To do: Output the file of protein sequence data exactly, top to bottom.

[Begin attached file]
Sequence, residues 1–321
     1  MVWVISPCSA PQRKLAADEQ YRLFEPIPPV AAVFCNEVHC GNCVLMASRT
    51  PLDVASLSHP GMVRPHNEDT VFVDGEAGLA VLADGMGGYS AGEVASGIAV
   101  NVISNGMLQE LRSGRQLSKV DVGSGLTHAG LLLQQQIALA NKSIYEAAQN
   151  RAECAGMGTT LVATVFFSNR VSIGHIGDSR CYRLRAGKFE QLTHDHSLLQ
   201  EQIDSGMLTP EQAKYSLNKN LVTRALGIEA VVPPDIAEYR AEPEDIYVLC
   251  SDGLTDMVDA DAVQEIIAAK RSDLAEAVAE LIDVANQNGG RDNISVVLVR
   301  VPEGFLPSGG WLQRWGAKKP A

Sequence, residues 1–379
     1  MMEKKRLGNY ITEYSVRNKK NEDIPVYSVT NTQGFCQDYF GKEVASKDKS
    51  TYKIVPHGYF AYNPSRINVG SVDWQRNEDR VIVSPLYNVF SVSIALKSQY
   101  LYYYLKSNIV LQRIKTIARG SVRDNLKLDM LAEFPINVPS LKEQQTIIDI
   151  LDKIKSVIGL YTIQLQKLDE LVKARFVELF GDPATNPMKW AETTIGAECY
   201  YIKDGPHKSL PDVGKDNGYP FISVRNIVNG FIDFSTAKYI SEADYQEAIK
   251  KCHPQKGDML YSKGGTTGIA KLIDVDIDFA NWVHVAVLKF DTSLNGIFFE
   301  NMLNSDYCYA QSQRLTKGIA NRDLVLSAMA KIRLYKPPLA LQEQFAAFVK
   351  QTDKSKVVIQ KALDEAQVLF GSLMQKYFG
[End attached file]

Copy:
Sequence, residues 1–321
     1  MVWVISPCSA PQRKLAADEQ YRLFEPIPPV AAVFCNEVHC GNCVLMASRT
    51  PLDVASLSHP GMVRPHNEDT VFVDGEAGLA VLADGMGGYS AGEVASGIAV
   101  NVISNGMLQE LRSGRQLSKV DVGSGLTHAG LLLQQQIALA NKSIYEAAQN
   151  RAECAGMGTT LVATVFFSNR VSIGHIGDSR CYRLRAGKFE QLTHDHSLLQ
   201  EQIDSGMLTP EQAKYSLNKN LVTRALGIEA VVPPDIAEYR AEPEDIYVLC
   251  SDGLTDMVDA DAVQEIIAAK RSDLAEAVAE LIDVANQNGG RDNISVVLVR
   301  VPEGFLPSGG WLQRWGAKKP A

Sequence, residues 1–379
     1  MMEKKRLGNY ITEYSVRNKK NEDIPVYSVT NTQGFCQDYF GKEVASKDKS
    51  TYKIVPHGYF AYNPSRINVG SVDWQRNEDR VIVSPLYNVF SVSIALKSQY
   101  LYYYLKSNIV LQRIKTIARG SVRDNLKLDM LAEFPINVPS LKEQQTIIDI
   151  LDKIKSVIGL YTIQLQKLDE LVKARFVELF GDPATNPMKW AETTIGAECY
   201  YIKDGPHKSL PDVGKDNGYP FISVRNIVNG FIDFSTAKYI SEADYQEAIK
   251  KCHPQKGDML YSKGGTTGIA KLIDVDIDFA NWVHVAVLKF DTSLNGIFFE
   301  NMLNSDYCYA QSQRLTKGIA NRDLVLSAMA KIRLYKPPLA LQEQFAAFVK
   351  QTDKSKVVIQ KALDEAQVLF GSLMQKYFG